As a dieing person, your mom should be able to do whatever she wants whenever she wants.

Let her know she's safe and loved and she'll be kept as comfortable as possible while she isn't feeling well.

If she doesn't want to hear tge die talk so what.
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Reply to bevthegreat
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Take her outside for walks in a wheelchair. Look thru photo albums. Read to her. Music is soothing. Find something for her to do with her hands, laying in bed 24/7 is unbearable. Cancer in the brain I imagine could be part of why she is restless so try to be patient. Take time for yourself. You are important!
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Reply to Shelbyloren
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What an admirable spirit she has. Support her all the way with it. We’re all dying just at different stages of the journey.
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Reply to SusanMP
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It sounds as though she feels one way about her condition and you feel completely differently.

If she isn’t doing a (or thinking) anything dangerous or unsafe, she really does sound like a feisty gal who want to “do it her way”.

Maybe you can feel a little less heartbroken if you try to realize how brave she is by choosing to fight what’s happening to her. If her doctors agree with her thoughts, it’s OK for you to agree with her agenda too.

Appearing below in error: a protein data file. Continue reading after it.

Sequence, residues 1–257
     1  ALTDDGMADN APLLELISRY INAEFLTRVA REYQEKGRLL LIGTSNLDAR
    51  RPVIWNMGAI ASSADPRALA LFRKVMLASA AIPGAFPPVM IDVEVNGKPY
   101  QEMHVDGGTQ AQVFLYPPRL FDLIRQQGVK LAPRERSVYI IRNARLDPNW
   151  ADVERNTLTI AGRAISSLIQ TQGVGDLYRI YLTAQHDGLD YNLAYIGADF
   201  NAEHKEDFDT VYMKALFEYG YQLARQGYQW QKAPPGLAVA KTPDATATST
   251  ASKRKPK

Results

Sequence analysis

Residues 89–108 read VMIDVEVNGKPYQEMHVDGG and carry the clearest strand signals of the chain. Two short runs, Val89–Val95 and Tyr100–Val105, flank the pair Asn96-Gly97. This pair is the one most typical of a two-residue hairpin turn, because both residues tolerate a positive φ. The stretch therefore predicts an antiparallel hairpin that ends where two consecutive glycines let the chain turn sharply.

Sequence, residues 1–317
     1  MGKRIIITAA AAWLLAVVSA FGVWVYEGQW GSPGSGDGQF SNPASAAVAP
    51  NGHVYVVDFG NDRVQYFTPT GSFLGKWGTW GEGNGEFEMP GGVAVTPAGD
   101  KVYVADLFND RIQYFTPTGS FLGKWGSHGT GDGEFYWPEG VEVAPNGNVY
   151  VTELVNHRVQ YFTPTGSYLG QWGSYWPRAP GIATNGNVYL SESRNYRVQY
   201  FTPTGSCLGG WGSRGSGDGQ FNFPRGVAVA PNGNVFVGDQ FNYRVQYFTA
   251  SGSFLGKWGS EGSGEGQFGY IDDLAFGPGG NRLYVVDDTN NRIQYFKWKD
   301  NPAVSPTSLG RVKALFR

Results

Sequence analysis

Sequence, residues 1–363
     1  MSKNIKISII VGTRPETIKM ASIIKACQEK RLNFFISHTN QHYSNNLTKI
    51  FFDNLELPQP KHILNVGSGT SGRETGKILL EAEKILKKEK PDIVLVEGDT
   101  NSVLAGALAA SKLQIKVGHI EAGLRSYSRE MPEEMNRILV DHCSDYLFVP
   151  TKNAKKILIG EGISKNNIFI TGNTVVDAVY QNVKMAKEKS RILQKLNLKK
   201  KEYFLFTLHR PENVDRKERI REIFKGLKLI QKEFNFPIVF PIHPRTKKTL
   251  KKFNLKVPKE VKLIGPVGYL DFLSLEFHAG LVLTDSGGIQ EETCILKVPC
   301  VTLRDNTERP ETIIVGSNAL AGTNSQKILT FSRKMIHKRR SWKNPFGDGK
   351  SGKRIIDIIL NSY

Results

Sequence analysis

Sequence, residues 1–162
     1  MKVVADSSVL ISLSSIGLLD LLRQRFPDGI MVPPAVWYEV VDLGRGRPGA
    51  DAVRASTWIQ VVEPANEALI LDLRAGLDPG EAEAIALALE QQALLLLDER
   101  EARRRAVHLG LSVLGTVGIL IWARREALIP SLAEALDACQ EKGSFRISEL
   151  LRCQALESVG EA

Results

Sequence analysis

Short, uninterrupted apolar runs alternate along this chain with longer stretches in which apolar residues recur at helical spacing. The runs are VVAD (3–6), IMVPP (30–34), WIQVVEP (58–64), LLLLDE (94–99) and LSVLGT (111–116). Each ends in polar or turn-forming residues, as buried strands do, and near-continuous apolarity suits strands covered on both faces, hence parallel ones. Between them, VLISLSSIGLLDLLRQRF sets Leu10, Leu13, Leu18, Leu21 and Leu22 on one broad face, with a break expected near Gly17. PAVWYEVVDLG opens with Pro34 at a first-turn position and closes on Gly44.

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Reply to AnnReid
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It isn't how everyone dying approaches death, rather, many do want to continue to live and fight and keep optimistic attitudes in spite of what seems to be suffering in your view. It is much more common that family watching and attending, like you, think it is suffering and say upsetting things to the dying - like talking about death. My recommendation is don't talk about or imply death, with things like its OK to go etc...these are contrary to what your mom is thinking, doing, or wants to hear, so don't do it. Don't tell her that you are suffering watching her either. Try to act as normal, and supportive as possible, to the end. There are some great responses already in that regard.
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Reply to amoeba